Many variables can affect your email marketing campaign, but one thing is certain: Getting your emails directly into your audience’s inbox is essential for successful communication. Yet, many businesses face a stumbling block: the risk of being blacklisted. This situation can make your emails go unseen, directly impacting your engagement and results. In this article, we’ll discuss what exactly an email blacklist is, how you can avoid it, and some other important tips. Let’s get straight to it!
- Blacklists or blocklists are systems used to block spammy email domains.
- Email blacklists can be maintained by internet service providers, blacklist operators, anti-spam organizations, email providers, and volunteer editors.
- If you discover that your email domain is on a blacklist, you’ll need to address the root cause of the blacklisting and submit a de-list request to the blacklist operator.
What Is an Email Blacklist?
An email blacklist, also referred to as a blocklist, is a system used to combat spam by identifying and blocking spam senders.
This process prevents these senders from delivering unsolicited content to recipients’ inboxes. Essentially, the blacklist contains a database of email addresses, domain names, and IP addresses recognized for distributing spam. Once a sender is added to this list, they are prevented from sending further emails or using contact forms to reach users.
These blocklists are actively managed and updated in real-time to ensure effectiveness.
The primary purpose of email blacklists is to prevent the spread of unwanted spam content from untrustworthy sources. Since a significant portion of emails can be spam (for example, 48.63% in 2022), blacklists play a crucial role in keeping inboxes clear of such content.
How Does an Email Blacklist Affect You?
It goes without saying that you probably don’t want to be put on an email blacklist. Being on an email blacklist can have several negative impacts on your email communication and marketing efforts. Here are a few of the ways that being on a blacklist can negatively affect your business.
- Emails Blocked or Sent to Spam: Your emails may be blocked or end up in spam folders, leading to low deliverability and engagement.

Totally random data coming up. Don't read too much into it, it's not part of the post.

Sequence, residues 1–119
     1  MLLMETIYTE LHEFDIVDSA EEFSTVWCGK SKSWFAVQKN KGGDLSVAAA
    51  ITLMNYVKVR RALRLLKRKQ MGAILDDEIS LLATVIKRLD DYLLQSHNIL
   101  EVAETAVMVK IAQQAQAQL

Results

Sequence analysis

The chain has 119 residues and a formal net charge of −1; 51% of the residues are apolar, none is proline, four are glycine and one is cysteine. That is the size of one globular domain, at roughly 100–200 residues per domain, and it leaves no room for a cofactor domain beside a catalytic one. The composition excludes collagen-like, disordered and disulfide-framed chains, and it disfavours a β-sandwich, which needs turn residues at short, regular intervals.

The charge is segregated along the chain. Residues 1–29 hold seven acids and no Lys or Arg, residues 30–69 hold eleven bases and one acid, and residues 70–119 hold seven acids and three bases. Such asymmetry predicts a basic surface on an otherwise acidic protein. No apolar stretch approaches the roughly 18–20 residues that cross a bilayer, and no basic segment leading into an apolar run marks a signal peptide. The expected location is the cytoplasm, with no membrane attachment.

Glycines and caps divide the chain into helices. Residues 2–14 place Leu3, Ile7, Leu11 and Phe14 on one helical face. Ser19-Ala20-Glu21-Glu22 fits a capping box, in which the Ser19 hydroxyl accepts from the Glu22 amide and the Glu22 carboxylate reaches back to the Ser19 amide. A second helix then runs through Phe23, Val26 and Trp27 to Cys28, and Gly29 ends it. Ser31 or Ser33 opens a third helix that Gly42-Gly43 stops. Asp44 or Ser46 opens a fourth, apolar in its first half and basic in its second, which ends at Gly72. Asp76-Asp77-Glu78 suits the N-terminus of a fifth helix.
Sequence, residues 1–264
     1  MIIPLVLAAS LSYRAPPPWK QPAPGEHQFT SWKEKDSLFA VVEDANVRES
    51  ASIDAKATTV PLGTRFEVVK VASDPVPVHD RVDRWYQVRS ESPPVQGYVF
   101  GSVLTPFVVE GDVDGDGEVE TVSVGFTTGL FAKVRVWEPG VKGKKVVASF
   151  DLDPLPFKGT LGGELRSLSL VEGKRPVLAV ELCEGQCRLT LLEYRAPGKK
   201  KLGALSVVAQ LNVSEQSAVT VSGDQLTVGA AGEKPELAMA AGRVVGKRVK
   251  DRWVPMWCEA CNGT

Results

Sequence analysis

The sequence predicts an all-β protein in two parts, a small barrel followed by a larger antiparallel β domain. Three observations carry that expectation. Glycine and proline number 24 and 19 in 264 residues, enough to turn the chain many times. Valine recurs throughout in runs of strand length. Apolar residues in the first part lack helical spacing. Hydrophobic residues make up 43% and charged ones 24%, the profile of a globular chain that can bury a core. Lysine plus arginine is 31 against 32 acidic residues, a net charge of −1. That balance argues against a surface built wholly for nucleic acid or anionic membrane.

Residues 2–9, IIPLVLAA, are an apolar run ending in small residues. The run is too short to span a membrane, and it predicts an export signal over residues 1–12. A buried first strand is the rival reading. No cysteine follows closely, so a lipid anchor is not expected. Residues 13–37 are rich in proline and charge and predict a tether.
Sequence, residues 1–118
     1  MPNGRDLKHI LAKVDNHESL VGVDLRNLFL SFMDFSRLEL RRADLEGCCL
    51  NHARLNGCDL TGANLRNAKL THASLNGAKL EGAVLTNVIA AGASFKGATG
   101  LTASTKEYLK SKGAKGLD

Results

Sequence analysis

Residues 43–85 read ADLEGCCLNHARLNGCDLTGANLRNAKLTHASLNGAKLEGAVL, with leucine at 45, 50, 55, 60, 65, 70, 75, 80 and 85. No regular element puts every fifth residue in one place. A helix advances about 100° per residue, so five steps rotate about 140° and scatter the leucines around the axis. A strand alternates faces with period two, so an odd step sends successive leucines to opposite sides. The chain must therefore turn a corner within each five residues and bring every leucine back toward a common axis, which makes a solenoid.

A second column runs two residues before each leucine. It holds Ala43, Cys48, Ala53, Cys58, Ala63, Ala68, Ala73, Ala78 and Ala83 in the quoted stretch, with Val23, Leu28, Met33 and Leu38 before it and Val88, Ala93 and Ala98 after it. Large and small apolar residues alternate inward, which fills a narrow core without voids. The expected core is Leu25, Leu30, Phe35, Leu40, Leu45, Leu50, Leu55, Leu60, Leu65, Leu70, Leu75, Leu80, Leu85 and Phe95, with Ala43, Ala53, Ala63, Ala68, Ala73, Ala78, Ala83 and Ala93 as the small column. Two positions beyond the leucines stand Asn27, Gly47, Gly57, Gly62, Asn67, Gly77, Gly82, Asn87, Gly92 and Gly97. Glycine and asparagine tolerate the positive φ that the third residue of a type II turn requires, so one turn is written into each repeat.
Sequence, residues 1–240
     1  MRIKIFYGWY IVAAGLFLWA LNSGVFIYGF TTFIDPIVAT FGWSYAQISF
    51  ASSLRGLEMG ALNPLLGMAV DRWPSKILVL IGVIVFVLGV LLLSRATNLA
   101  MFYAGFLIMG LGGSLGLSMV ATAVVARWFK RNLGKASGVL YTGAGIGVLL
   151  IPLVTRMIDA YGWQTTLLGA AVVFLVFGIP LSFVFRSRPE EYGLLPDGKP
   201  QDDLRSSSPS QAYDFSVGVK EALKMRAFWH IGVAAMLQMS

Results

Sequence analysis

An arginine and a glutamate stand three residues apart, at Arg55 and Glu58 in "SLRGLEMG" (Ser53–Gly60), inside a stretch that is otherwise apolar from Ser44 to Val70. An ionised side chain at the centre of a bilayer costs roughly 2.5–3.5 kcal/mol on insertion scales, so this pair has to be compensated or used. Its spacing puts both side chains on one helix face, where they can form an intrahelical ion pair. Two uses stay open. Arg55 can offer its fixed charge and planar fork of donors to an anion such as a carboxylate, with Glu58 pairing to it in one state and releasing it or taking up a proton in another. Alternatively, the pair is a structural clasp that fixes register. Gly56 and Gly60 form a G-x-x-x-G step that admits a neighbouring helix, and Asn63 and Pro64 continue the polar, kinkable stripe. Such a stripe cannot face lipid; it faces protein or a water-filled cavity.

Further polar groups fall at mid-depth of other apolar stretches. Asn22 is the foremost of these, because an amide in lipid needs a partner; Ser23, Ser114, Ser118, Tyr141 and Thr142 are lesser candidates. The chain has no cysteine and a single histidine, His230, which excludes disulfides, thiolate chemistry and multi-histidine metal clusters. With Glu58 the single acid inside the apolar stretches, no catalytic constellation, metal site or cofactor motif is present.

- Decreased Sender Reputation: Being blacklisted can damage your reputation as a sender, affecting future email deliverability.
- Reduced Trust and Reputation: Email providers might see you as a potential spammer, affecting your reputation even after removal from the blacklist.
- Loss of Business Opportunities: Missing out on reaching your target audience can lead to lost revenue and decreased customer engagement.
- Negative Impact on Email Marketing Campaigns: Blacklisting can cut off access to new leads and loyal customers, potentially reducing revenue.
- Deliverability Rate Drop: Depending on which blacklist you’re on, your email deliverability rates can vary significantly.
- Increased Bounce Rate: Emails may be rejected by recipients’ email servers, resulting in a higher bounce rate.
- Difficulty in Removal from Blacklists: Once you are on a blacklist, it’s not an easy process to get removed.
- Legal Consequences: You may face legal issues for violating anti-spam laws and risk losing your email service provider or domain registrar.
Who Maintains the Blacklist?
Several entities maintain email blacklists, each with unique criteria and methods for listing and delisting email addresses, domains, or IP addresses. Here are the key players involved in maintaining these blacklists.
1. Internet Service Providers (ISPs)
Many ISPs have internal blacklists. They use these lists, along with algorithms and spam filters, to decide whether an email should be rejected, flagged as spam, or delivered to the recipient’s primary inbox.
2. Blacklist Operators